Hal’s first overseas assignment — a long-held dream — was to Southeast Asia as a newsman reporting from
Singapore. One of his big stories was on the unsuccessful search to find Michael Rockefeller, son of Rockefeller, governor of New York, lost on an expedition to collect native artifacts. He also accompanied Dutch soldiers in a jungle hunt for Indonesian guerrillas. Hal reported from Vietnam just before America officially entered the conflict. He was in the Middle East when it did.

The AP promotes and moves its “troops” from one hotspot to the next. It happened to Hal. He was suddenly promoted to bureau chief of the non-Arab Middle East based in Istanbul, Turkey.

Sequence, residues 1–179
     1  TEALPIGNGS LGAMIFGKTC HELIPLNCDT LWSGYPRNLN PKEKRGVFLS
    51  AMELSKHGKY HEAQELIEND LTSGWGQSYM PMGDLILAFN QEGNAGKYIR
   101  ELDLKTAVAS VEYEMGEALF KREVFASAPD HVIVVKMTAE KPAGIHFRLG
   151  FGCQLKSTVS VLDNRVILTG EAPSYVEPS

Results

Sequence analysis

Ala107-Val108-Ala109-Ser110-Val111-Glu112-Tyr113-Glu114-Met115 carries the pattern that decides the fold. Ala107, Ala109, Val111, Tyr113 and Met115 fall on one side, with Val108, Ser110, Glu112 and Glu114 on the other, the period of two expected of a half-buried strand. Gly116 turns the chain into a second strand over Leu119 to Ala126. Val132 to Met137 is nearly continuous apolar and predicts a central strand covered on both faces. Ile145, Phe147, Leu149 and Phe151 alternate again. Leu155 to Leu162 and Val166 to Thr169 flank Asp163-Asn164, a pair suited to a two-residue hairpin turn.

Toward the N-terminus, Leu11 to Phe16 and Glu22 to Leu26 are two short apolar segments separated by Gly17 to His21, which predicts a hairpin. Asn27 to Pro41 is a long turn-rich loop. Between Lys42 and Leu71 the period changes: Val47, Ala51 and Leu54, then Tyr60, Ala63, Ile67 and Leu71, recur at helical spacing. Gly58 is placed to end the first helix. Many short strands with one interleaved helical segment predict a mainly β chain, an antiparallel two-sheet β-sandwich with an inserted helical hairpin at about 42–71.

Hal’s stories from mysterious Istanbul read like an Ian Fleming James Bond thriller. Incidentally, he met Fleming while From Russia With Love was being filmed in Istanbul.  

After five years of reporting Middle East tensions from Istanbul, Hal recommended to New York, that his successor should move to Israel. What successor?  Hal was ordered to transfer to Tel Aviv to establish the first American-staffed wire agency in Israel. Dottie smiled and said, “We’ll get a wider variety of food.”  Hal added, “And decent toilet paper.”

Hal has the knack of finding the human side of big news happenings. His story of events leading up to the Six-Day War shows his understanding of religious and political complexities. He can make the absurd understandable. His down-to-earth, man in the street storytelling ability reminds us of another wartime of a generation ago — Ernie Pyle. We share intimate vignettes of towering figures — Moshe Dayan, David Ben-Gurion and Golda Meir.

Interviewing Ben-Gurion